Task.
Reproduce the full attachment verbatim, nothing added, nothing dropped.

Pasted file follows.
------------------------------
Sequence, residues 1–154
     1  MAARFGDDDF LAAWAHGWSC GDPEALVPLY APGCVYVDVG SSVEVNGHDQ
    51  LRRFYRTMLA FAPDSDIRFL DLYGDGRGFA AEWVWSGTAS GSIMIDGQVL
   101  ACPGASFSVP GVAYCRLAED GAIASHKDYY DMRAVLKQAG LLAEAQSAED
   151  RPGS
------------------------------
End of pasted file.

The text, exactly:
Sequence, residues 1–154
     1  MAARFGDDDF LAAWAHGWSC GDPEALVPLY APGCVYVDVG SSVEVNGHDQ
    51  LRRFYRTMLA FAPDSDIRFL DLYGDGRGFA AEWVWSGTAS GSIMIDGQVL
   101  ACPGASFSVP GVAYCRLAED GAIASHKDYY DMRAVLKQAG LLAEAQSAED
   151  RPGS